lost; C. Rogers & Co. flour store, $7000, insured $5000; Fowler's sail loft in 2nd story,
     several sets sails lost. On Long wharf, D. T. Chase, corn and flour, lost $35,000, insured
    $5000, policy on remainder just run out; the store below were principally used for storage,
     and were occupied by George Warren C. Rogers & Co., S. Trask and N. O.  & C. H.
     Cram, S. W. Porter and D. T. chase. They were mostly insured. Over the lower range of
    these stores was the sail loft of Leavitt & Lovell, sails mostly saved.
          During the whole time of the fire the firemen worked with the most unremitting
     energy, and they were on duty the greater part of Sunday.  The scene was visited by
     crowds of people during that and the followings days, and the great fire and its
     incidents was the single topic of conversation.
          Mr. D. T Chase, the heaviest loser, was absent at Saco, at the time. He announces in
     the papers that his creditors need make no sacrifices for the whole of his debs will be
     paid in full.
          There were several explosions of gunpowder during the progress of the fire.
          Messrs. Larrabee & Jordan are confident they left no fire in their store, and think it
     must have been set.
          A sailor named Ezekiel Burgess gallantly cut away the burning sails of the barque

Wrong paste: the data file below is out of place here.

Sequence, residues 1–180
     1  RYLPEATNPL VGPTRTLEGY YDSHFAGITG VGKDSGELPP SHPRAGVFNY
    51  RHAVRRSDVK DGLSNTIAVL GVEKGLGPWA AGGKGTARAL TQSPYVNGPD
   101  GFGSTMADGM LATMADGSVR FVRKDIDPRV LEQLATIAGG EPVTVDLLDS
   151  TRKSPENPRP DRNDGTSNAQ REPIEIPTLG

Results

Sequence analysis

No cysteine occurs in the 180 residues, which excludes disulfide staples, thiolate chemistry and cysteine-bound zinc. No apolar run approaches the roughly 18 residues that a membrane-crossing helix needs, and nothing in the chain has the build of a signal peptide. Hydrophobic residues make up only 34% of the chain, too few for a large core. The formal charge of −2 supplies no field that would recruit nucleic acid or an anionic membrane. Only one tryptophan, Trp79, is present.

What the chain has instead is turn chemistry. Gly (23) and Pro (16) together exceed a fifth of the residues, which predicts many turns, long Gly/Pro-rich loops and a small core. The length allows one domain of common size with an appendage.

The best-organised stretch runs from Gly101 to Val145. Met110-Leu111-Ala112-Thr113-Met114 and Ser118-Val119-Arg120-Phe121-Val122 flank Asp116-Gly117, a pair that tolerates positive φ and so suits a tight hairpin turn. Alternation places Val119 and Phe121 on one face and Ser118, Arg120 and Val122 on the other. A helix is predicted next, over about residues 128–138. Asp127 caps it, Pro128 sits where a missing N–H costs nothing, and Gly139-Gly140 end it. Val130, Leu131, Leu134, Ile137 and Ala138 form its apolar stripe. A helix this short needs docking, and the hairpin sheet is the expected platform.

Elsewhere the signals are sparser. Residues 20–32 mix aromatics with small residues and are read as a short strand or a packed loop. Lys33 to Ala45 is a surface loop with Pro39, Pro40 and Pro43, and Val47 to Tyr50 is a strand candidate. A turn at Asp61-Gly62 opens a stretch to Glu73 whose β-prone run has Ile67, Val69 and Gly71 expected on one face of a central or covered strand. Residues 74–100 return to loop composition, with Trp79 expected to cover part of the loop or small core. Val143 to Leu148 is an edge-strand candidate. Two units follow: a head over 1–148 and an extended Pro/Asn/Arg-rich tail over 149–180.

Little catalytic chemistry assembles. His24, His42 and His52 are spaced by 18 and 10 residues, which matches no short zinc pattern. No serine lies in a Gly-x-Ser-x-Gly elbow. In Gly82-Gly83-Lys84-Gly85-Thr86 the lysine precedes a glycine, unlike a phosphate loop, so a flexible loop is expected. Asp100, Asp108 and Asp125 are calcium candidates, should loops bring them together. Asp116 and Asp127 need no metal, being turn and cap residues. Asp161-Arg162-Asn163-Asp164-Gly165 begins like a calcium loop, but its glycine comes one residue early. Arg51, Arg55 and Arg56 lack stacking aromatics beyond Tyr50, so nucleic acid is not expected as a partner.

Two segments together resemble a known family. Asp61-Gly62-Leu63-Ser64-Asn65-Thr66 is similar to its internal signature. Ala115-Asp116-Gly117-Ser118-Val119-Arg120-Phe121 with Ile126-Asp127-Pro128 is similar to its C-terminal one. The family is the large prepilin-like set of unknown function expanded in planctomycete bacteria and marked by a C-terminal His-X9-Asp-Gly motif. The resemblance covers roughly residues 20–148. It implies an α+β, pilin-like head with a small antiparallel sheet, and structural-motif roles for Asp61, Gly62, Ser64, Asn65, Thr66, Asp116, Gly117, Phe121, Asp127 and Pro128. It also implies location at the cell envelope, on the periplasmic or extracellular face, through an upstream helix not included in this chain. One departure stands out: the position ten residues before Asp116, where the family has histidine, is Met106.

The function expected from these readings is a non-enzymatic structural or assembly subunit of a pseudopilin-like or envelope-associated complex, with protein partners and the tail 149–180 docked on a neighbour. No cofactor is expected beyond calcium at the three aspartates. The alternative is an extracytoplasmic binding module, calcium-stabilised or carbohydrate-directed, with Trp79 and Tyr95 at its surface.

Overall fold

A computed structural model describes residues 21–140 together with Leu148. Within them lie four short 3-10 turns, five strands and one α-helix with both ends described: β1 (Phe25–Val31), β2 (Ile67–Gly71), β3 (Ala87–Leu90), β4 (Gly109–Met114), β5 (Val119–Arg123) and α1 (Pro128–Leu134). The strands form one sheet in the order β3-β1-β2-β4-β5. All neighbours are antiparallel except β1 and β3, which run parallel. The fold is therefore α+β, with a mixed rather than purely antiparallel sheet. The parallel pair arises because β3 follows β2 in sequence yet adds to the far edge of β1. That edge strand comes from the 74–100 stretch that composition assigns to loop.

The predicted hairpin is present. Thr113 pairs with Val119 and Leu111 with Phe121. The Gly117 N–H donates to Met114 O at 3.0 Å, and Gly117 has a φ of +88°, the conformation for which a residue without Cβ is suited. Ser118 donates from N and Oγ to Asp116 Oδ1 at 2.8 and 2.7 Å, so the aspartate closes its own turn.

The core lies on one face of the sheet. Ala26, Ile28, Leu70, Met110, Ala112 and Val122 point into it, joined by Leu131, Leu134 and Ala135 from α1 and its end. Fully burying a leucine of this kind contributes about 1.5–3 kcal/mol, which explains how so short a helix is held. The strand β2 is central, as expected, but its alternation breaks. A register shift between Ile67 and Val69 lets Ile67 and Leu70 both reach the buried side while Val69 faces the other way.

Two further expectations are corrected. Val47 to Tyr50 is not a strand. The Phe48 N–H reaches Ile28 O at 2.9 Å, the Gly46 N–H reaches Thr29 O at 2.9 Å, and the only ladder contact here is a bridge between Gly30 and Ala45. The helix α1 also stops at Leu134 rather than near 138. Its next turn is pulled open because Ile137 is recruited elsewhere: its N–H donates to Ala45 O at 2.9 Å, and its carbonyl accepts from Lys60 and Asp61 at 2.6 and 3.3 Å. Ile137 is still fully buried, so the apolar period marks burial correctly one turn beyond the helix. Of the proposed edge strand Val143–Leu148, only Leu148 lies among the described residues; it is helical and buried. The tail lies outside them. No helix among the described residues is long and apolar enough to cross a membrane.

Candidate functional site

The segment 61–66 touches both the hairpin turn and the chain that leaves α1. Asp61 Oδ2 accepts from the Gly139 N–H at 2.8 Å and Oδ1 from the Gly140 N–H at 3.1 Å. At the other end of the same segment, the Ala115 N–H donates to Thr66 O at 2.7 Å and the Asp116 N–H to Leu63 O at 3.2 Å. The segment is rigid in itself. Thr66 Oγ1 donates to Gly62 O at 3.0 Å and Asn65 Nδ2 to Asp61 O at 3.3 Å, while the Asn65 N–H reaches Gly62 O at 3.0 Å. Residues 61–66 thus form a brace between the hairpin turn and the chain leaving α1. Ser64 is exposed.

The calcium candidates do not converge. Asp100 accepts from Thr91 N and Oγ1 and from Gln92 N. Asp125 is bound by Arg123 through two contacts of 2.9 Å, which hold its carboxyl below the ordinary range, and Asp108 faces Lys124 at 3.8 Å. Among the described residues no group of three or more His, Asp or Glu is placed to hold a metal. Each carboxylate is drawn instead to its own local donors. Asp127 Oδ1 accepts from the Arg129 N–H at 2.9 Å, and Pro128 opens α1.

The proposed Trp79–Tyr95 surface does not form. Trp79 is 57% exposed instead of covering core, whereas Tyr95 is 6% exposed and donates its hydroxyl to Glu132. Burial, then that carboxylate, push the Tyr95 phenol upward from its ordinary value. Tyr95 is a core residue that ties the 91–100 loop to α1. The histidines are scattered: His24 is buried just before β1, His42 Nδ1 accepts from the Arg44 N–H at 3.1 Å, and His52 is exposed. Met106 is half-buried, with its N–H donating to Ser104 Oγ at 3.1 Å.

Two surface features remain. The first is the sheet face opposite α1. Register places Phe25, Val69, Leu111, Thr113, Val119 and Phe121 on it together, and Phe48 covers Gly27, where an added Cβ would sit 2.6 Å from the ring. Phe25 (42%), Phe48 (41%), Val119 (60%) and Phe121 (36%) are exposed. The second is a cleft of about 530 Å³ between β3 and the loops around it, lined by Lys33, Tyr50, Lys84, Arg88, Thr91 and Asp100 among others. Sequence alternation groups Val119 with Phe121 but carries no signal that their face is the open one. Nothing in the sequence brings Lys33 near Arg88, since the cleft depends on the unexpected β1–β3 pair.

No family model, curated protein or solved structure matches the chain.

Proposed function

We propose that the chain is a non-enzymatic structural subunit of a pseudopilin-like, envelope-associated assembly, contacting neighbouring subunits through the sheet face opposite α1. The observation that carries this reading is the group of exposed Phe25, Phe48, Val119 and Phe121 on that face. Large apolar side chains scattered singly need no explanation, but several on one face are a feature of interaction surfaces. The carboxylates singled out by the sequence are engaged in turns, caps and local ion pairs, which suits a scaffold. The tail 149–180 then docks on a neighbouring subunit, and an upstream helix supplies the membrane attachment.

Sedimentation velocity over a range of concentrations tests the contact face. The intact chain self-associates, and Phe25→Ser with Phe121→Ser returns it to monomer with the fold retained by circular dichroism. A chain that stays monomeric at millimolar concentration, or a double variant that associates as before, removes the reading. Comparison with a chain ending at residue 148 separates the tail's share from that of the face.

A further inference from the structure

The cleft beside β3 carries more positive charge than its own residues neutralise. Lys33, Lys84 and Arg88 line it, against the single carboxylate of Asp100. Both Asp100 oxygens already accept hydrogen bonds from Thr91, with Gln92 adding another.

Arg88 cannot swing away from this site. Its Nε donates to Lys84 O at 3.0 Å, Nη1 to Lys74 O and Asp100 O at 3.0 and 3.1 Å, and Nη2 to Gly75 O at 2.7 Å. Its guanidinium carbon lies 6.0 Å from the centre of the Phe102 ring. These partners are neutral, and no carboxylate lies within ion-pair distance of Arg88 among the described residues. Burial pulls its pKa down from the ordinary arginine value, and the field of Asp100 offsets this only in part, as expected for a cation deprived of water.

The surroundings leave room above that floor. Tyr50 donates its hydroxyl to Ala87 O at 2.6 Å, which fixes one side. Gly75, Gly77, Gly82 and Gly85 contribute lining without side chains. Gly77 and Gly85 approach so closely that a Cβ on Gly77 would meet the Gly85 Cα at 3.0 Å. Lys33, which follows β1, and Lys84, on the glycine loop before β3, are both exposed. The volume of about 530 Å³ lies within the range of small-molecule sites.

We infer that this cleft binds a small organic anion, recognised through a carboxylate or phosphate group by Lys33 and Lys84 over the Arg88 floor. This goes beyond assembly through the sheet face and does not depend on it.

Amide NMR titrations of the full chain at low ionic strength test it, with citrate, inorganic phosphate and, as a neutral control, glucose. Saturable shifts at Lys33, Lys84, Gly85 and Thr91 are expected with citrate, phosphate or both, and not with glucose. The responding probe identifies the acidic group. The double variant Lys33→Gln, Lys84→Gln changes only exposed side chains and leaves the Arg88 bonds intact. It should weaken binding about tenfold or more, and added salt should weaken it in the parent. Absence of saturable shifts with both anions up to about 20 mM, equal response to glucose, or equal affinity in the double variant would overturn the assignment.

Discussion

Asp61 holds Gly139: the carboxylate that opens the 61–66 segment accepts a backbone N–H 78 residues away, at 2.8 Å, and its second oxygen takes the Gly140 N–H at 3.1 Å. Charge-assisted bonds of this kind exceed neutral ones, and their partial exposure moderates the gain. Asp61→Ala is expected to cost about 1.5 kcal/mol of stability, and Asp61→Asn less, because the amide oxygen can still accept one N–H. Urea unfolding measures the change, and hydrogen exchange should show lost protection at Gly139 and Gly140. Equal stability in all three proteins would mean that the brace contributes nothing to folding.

St. Jago, and thus saved the vessel. Her owners forced a ten dollar bill upon him.
          The immense quantity of corn and flour in D. T. Chase's store continued burning
     through Sunday, Monday and Tuesday, and in the night sent up columns of smoke and
          Men and boys were busy on Monday and Tuesday digging out flour, corn, fish, & c.
     One eager Irishman, we saw, bending recklessly to the task of removing a barrel of flour,
     thrust his head so near the flames that his hair took fire.
          This fire is a warning against building wooden stores upon our wharves which we
     hope will be heeded. Where two block of wooden buildings are built upon a narrow
     wharf, it is impossible to save either them or their contents.
          We learn that M. C. P. Ingraham is already making arrangements for the erection of
     a new block of stores on Commercial wharf.
          James Small, Jr., Gray, killed recently a pig only 8 months old that weighted 351 lbs.
     This beats the great pig they are bragging about down on the Kennebec. It was of the
     native breed.
          Sad Accident. A little girl, aged six years, daughter of Mrs. Eleanor Buswell, of
     Hallowell, was instantly killed in that town of Thursday last, by being run over by
     an ox sled loaded with railroad iron.
          Mr. Charles F. Andrews, from Bridgton, in this county, died at Planters Hotel in
     Tallahassee, Florida, November 20th, from an over dose of morphine, taken according
     to the coroner's verdict by mistake.
          Shocking Accident. On Saturday last a son of Philbrook B. Tay, Esq., Corinth, Me.,
     about 17 years fell from a scaffold into a threshing machine, which was in full
     operation, and his feet and legs were so dreadfully mangled that amputation was above the
          Costly Mischief.  A lad named Lyman of Chester, aged 13 years, mischievously
     threw a cat into a corn mill the other day, and had two of his fingers chopped off in
     doing so.